It was also what inspired me to reach out and initiate a conversation on this topic with the Baby Boomer. 

Tolerance is not love

In Ephesians 2:14-18, Paul addressed the divide between Jews and Gentiles by saying: “For He himself is our peace, who has made us both one and has broken down in his flesh the dividing wall of hostility by abolishing the law of commandments expressed in ordinances, that he might create in himself one new man in place of the two, so making peace, and might reconcile us both to God in one body through the cross, thereby killing hostility. And he came and preached peace to you who were far off and peace to those who were near. For through him we both have access in one Spirit to the Father.”

“I want the wisdom of the old and the passion of the young.”

If Jesus brought two divided groups together through the cross, why should there be any form of hostility or lines of division found in the church?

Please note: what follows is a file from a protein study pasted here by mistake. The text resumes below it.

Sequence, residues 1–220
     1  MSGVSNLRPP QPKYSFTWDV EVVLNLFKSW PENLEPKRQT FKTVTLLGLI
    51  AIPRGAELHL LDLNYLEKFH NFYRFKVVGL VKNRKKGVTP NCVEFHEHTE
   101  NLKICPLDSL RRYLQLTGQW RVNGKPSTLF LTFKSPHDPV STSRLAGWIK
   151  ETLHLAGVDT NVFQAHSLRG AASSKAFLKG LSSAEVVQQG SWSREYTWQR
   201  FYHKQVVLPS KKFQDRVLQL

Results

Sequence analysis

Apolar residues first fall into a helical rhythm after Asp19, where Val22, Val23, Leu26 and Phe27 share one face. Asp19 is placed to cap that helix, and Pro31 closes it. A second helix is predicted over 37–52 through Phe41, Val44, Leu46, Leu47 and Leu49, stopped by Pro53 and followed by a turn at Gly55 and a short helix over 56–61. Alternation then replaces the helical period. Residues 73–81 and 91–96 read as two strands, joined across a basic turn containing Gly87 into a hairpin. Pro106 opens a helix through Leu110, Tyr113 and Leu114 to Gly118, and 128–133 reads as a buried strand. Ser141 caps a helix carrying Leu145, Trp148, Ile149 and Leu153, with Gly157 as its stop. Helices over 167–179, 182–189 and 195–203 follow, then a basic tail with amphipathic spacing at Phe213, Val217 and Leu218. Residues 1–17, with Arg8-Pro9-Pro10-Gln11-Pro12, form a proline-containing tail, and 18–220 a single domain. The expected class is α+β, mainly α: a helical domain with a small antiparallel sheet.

In John 13:35, Jesus said: “By this all people will know that you are my disciples, if you have love for one another.”

Jesus called us to love one another, not to merely tolerate each another.

When I was still a teenager, I heard Pastor Vincent Lun from Kingdom Community Church say this: “I want the wisdom of the old and the passion of the young.”

I remember being full of passion for the Lord, desiring the wisdom of those older than me in the church. Now in my mid-twenties, I find myself desiring the passion of those younger than me as well!

Imagine if we appreciated each generation and the unique knowledge and abilities they bring to the church to build her up – that is a church I personally want to be a part of.